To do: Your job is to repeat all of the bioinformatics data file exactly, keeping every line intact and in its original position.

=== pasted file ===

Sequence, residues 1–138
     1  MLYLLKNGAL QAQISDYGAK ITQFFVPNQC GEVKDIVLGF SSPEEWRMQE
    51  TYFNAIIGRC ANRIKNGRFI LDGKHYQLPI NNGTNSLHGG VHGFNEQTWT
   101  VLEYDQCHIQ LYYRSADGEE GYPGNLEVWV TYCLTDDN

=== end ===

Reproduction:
Sequence, residues 1–138
     1  MLYLLKNGAL QAQISDYGAK ITQFFVPNQC GEVKDIVLGF SSPEEWRMQE
    51  TYFNAIIGRC ANRIKNGRFI LDGKHYQLPI NNGTNSLHGG VHGFNEQTWT
   101  VLEYDQCHIQ LYYRSADGEE GYPGNLEVWV TYCLTDDN